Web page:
Travel Outside and Within the U.S.
Students leaving the U.S. temporarily must request a “travel signature” from ISSS staff on the I-20 or DS-2019 form. This signature certifies that the student is in good standing as a full time student. No one other than Designated School Officials (DSOs, whose names are designated in SEVIS) should sign any immigration documents. Students traveling within the U.S. (but away from the Albany area) are advised to carry their passports and I-20 or DS-2019 forms with them, in the event that they need to prove who they are and that they are legally present in the U.S.
F-1: The F-1 visa category is for students pursuing full-time study in the United States
F-2: Dependents of an F-1 (spouse or child under 21) are referred to as F-2s.
J-1: The J-1 visa has a number of subcategories for exchange visitors, which include students, exchange visitors, visiting scholars, au pairs, etc... The Exchange Visitor program is administered by the Department of State
J-2: Dependents of an J-1 (spouse or child under 21) are referred to as J-2s.
SEVIS: The federal database managed by the Department of Homeland Security which houses the records for F-1 and J-1 students. ISSS makes regular reporting in SEVIS.
Status: This is the legal standing of a visa holder in the United States. Different statuses allow different purposes for being in the United States. Some allow study, employment, and other benefits, others do not.
Visa: This is the entry document. A student needs a valid visa to enter the United States, and should enter using the visa that reflects their current status. A student can remain in the United States on an expired visa as long as his or her immigration status is still valid.
Non-Immigrant: F-1s and J-1s are non-immigrant visas, meaning that the student must show non-immigrant intent prior to obtaining the visa.
I-20: This document is used for a F-1 student to obtain an F-1 status, and proves their status while in the United States.
DS-2019: This documents is used for a J-1 exchange visitors to obtain a J-1 visa, and proves their status while in the United States.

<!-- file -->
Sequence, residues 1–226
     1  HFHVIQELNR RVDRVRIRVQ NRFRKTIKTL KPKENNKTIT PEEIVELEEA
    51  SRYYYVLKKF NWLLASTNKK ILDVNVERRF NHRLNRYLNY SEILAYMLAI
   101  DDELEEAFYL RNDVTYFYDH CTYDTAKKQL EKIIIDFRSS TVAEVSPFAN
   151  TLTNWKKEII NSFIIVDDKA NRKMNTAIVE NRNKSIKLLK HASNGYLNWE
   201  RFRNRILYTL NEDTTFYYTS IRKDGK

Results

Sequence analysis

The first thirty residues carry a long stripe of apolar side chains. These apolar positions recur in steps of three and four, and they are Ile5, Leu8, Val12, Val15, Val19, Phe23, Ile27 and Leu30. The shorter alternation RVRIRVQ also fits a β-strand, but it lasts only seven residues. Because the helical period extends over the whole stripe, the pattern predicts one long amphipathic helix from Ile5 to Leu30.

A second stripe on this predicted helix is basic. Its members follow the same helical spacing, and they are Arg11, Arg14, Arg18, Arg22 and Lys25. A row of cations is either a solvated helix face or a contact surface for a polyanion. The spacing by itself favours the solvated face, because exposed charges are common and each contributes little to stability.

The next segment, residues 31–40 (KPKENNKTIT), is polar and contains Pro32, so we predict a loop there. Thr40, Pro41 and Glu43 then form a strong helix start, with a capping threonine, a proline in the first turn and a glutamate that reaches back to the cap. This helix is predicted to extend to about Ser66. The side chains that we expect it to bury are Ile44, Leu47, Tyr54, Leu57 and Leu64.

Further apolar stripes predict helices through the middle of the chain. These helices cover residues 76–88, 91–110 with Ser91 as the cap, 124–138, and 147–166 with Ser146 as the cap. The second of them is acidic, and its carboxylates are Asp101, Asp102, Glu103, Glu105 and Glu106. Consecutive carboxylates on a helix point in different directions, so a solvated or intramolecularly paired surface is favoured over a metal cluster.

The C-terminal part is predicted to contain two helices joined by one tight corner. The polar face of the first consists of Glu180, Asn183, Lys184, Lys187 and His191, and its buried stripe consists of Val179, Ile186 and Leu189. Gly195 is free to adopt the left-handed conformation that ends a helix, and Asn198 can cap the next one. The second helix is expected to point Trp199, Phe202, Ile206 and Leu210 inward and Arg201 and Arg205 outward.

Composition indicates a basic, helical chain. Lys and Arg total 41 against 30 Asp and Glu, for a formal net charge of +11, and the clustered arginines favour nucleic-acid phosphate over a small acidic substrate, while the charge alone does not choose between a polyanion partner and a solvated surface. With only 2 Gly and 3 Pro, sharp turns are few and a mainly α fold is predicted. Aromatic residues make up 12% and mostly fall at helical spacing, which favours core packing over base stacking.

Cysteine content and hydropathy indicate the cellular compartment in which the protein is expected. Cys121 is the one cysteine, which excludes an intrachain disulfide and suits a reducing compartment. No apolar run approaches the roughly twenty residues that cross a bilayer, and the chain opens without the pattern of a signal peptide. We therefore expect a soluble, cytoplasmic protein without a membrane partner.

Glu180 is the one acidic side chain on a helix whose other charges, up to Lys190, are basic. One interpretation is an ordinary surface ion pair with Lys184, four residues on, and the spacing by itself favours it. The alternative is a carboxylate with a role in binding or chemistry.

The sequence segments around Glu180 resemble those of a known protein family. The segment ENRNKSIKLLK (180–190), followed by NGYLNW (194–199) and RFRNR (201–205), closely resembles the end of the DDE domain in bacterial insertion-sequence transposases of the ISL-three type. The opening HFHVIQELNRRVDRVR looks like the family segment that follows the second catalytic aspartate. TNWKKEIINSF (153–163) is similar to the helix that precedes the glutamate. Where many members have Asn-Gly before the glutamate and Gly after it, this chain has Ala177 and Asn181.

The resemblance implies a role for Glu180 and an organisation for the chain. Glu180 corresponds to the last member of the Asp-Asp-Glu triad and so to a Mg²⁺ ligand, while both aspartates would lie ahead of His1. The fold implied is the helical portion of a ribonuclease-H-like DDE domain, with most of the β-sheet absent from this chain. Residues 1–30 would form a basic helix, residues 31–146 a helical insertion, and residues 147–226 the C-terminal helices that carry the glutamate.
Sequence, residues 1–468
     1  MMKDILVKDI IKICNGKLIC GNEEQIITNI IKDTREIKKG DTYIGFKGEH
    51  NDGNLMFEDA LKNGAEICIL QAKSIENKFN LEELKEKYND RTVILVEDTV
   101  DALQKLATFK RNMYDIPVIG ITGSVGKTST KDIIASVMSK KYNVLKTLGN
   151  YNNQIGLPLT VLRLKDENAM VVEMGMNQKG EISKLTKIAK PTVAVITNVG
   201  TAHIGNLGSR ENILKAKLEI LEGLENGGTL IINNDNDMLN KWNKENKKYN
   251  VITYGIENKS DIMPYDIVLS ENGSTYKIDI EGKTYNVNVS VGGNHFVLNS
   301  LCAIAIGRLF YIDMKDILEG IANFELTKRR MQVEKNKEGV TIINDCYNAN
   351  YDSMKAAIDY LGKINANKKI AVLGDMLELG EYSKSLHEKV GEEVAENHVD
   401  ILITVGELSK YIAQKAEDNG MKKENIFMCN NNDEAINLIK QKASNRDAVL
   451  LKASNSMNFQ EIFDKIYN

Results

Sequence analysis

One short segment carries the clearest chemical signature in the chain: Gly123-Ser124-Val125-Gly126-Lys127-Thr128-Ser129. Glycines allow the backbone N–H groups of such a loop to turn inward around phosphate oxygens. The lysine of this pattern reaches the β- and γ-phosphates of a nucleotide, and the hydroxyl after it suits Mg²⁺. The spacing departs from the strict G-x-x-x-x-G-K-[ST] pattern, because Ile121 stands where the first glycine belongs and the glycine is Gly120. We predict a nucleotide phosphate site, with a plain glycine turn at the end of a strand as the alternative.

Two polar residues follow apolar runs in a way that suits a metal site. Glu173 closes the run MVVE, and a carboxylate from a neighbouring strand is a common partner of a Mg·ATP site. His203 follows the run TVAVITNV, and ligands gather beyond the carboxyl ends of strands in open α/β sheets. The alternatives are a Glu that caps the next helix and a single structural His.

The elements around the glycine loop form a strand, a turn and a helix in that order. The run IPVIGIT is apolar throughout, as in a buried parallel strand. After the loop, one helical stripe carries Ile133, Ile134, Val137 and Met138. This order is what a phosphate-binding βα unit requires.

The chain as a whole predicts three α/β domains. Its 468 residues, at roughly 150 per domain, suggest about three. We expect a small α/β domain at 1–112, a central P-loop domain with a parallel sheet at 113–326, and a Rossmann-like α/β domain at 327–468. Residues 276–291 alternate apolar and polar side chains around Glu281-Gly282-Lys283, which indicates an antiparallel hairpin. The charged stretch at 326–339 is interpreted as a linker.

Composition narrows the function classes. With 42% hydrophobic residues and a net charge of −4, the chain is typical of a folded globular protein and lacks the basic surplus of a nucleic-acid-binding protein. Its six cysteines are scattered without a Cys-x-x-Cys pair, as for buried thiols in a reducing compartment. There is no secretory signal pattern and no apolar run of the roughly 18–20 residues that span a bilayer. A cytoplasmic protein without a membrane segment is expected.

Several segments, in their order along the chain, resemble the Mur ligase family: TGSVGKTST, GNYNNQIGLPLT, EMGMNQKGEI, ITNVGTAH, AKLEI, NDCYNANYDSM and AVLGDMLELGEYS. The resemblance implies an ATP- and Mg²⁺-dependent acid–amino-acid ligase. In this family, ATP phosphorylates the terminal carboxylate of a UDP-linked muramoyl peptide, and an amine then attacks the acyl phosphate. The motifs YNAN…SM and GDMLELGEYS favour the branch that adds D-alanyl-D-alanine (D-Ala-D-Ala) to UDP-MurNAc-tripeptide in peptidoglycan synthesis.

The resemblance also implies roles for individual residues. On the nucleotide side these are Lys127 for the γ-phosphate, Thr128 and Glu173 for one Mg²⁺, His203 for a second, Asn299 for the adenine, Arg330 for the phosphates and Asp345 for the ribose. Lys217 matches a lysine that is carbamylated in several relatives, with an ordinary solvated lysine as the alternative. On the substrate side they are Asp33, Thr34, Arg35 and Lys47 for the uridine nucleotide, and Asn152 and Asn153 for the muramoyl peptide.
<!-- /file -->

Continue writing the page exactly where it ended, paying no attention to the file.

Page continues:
DHS (Department of Homeland Security): The federal agency responsible for a number of security and enforcement related matters, including immigration enforcement. SEVIS is managed by DHS.
USCIS (U.S. Citizenship and Immigration Services): This federal agency, housed under the Department of Homeland Security, adjudicates benefits such as OPTs and changes of status.
CBP (U.S. Customs and Border Protection): This federal agency, housed under the Department of Homeland Security, mostly interacts with students at the border and determines their eligibility to enter the U.S.
ICE (U.S. Immigration and Customs Enforcement): This federal agency, housed under the Department of Homeland Security, this is a law enforcement agency for immigration related matters.
Sample I-20 form
Sample DS-2019 form
The information contained in this web site/form is provided as a service to international students, faculty and staff at the University at Albany. It does not constitute legal advice. We try to provide useful information, but we make no claims, promises or guarantees about the accuracy, completeness or adequacy of the information contained in or linked to this web site or any associated site or form. Neither the University at Albany nor ISSS is responsible for any errors or omissions contained in this website, or for the results obtained from the use of this information. Nothing provided herein should be used as a substitute for the advice of competent legal counsel; students may wish to consult an immigration attorney on the specifics of their case as needed.